Striking writers have not been to work for more than 100 days now, and as we learned on Thursday, another meeting is set for Friday.
The negotiating committee of the Writers Guild of America revealed they will sit down with producers this afternoon at around 2 p.m.
But, can the considerable ill will that has developed between the writers and producers be set aside?
Christopher Keyser, the co-chair of the WGA’s negotiating committee, had much to say about the 100-day mark and more in an interview with The Hollywood Reporter.
“The WGA is not particularly interested in playing games,” he told the outlet. “Talking is the only way forward. There’s a sense somehow that you label something 100 days like it’s some kind of celebration. It’s an anniversary of shame for the AMPTP; let’s be clear about that.”
He then touched on the report that studio execs plan on “starving out” the striking writers.
The last writers’ strike was from November 2007 to February 2008 and it took 27 days of talking to figure out an agreement.
However, there was a behind-the-scenes figure who was able to grab the ear of both the writers and producers. That was Peter Chernin, who was the CEO of the Fox Group at the time. He was one of the key go-betweens to advance talks between writers and producers.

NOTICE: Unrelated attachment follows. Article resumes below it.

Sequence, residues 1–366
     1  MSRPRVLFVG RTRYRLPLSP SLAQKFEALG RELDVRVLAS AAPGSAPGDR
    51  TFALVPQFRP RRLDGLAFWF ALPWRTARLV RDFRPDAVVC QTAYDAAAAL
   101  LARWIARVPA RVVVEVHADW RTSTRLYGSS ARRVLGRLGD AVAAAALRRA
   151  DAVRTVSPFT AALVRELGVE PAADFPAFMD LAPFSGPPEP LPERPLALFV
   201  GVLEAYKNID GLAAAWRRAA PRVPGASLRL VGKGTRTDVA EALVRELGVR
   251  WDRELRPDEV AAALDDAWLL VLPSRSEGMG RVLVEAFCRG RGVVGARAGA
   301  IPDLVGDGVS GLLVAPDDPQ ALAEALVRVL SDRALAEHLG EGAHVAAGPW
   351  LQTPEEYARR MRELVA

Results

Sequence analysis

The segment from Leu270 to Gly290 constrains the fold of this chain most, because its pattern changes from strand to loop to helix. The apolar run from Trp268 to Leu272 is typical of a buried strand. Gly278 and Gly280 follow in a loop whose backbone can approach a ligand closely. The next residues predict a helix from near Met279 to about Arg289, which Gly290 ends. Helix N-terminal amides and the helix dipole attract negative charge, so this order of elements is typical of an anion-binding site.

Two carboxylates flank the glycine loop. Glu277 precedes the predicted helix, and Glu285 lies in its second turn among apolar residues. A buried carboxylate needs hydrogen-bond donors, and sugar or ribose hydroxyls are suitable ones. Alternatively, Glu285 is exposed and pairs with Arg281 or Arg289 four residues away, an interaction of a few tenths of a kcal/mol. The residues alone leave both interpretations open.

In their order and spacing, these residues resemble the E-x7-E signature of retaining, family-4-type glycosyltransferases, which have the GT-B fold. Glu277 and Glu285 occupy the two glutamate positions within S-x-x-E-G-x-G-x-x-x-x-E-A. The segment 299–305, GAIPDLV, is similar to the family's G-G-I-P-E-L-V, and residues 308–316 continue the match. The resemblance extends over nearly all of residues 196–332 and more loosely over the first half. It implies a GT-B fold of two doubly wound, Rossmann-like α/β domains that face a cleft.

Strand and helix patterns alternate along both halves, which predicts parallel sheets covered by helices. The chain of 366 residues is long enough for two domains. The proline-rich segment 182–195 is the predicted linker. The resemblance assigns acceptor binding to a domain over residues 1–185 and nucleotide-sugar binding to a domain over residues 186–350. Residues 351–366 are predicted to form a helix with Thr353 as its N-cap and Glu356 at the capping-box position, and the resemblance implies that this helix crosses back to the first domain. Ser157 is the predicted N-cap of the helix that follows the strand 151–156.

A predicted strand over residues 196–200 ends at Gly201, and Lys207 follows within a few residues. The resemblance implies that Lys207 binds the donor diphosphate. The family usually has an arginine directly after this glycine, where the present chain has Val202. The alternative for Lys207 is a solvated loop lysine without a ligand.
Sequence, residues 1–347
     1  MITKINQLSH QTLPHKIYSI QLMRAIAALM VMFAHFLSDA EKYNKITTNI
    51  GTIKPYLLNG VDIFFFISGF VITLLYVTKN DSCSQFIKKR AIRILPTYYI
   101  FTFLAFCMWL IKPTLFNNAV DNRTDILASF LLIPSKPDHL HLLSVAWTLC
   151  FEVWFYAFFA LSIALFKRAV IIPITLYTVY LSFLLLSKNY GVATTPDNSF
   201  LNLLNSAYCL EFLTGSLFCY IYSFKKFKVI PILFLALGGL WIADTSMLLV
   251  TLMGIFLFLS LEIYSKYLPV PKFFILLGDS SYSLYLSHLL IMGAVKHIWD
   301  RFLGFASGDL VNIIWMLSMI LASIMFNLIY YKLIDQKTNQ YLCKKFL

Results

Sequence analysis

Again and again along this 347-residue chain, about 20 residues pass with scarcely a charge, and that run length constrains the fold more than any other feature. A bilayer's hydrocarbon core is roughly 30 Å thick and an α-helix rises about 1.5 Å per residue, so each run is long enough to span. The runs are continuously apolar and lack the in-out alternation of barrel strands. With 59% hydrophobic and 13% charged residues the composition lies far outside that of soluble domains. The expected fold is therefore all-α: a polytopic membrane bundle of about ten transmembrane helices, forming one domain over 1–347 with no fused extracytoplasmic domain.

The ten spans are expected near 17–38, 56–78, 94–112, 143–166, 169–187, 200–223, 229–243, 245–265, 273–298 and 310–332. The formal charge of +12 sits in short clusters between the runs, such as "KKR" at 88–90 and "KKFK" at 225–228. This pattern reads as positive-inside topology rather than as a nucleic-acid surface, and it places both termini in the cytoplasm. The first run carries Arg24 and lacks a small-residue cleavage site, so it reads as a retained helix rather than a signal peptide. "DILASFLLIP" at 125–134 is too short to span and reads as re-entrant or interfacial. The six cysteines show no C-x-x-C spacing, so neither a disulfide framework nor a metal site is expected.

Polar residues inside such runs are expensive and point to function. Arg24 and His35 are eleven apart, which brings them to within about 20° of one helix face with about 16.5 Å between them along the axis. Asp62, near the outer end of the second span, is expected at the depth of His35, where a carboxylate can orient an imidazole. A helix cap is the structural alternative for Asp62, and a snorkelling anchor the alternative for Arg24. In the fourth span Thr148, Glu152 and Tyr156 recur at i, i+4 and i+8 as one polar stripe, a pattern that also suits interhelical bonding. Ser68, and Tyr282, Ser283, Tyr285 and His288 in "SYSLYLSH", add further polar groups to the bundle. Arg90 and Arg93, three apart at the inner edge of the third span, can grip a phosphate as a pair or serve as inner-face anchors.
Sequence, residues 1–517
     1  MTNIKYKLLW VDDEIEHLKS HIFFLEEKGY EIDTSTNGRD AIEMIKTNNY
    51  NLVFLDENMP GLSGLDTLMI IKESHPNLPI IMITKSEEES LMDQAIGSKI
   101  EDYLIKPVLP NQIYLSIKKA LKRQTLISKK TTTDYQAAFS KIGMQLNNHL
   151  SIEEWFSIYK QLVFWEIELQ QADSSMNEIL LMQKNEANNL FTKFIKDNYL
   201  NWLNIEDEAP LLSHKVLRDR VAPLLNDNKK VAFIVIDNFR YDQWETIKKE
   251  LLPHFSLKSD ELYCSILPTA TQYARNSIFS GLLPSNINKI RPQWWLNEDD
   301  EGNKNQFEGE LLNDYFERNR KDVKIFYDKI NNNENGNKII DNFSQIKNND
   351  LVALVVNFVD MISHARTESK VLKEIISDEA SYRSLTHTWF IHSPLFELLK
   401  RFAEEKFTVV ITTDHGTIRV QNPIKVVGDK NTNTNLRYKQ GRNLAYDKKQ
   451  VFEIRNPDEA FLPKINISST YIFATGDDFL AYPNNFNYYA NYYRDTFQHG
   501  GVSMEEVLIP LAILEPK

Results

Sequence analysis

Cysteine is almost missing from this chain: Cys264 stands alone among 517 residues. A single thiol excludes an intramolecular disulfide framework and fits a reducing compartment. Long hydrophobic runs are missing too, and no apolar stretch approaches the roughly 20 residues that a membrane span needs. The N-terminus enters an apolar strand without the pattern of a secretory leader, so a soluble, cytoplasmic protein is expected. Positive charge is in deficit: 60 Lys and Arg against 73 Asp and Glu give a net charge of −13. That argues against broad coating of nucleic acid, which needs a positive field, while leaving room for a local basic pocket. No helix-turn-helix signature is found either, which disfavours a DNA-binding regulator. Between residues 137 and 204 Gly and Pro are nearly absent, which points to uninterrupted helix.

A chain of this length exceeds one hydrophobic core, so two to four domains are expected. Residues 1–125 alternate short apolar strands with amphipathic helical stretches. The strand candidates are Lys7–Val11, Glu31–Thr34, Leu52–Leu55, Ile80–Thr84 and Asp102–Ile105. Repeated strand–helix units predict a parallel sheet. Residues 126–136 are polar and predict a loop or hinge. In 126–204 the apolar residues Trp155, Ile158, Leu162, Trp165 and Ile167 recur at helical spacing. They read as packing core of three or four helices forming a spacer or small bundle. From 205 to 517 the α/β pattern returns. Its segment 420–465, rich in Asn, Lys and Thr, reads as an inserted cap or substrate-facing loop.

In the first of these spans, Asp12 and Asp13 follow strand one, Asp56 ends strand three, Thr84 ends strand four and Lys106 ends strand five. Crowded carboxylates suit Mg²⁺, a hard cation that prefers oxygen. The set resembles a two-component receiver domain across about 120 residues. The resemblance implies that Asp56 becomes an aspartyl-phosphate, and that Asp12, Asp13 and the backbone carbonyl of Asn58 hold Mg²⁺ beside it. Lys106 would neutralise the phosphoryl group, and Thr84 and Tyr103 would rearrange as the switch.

Well, now it appears he’s back.
Matt Belloni of Puck News had this scoop overnight in his newsletter.
“The Times reported last month that Chernin was telling people he hadn’t even been asked to get involved. Well, now he’s involved,” Belloni wrote. “I’m told that over the past couple weeks, he’s been quietly conferring and advising both sides, with a focus on the WGA strike. Hopefully, he’s as persuasive as he was 15 years ago.”
Chernin’s rep reportedly declined to comment on the matter.
“We will keep our fingers crossed for this get-together today at 2 p.m.,” Sam Rubin said during the KTLA 5 Morning News. “Both sides have agreed to a so-called press blackout, but this is the most permeable blackout ever. So, perhaps we will have word of progress or not at some point later this evening.”
The WGA has been on strike since early May. SAG-AFTRA members joined them on the picket lines officially in July when talks between them and movie execs failed.
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